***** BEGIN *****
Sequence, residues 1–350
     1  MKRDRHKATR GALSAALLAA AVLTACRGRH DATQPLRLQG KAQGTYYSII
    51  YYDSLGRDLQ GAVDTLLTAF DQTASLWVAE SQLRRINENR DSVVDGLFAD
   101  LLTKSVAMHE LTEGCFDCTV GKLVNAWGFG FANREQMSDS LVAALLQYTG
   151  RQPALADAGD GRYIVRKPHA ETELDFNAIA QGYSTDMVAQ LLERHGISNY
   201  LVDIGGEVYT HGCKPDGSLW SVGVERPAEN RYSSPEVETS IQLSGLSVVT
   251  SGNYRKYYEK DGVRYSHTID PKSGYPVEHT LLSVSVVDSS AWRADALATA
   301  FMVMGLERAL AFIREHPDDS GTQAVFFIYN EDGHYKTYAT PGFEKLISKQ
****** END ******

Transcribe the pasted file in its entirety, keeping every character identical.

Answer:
Sequence, residues 1–350
     1  MKRDRHKATR GALSAALLAA AVLTACRGRH DATQPLRLQG KAQGTYYSII
    51  YYDSLGRDLQ GAVDTLLTAF DQTASLWVAE SQLRRINENR DSVVDGLFAD
   101  LLTKSVAMHE LTEGCFDCTV GKLVNAWGFG FANREQMSDS LVAALLQYTG
   151  RQPALADAGD GRYIVRKPHA ETELDFNAIA QGYSTDMVAQ LLERHGISNY
   201  LVDIGGEVYT HGCKPDGSLW SVGVERPAEN RYSSPEVETS IQLSGLSVVT
   251  SGNYRKYYEK DGVRYSHTID PKSGYPVEHT LLSVSVVDSS AWRADALATA
   301  FMVMGLERAL AFIREHPDDS GTQAVFFIYN EDGHYKTYAT PGFEKLISKQ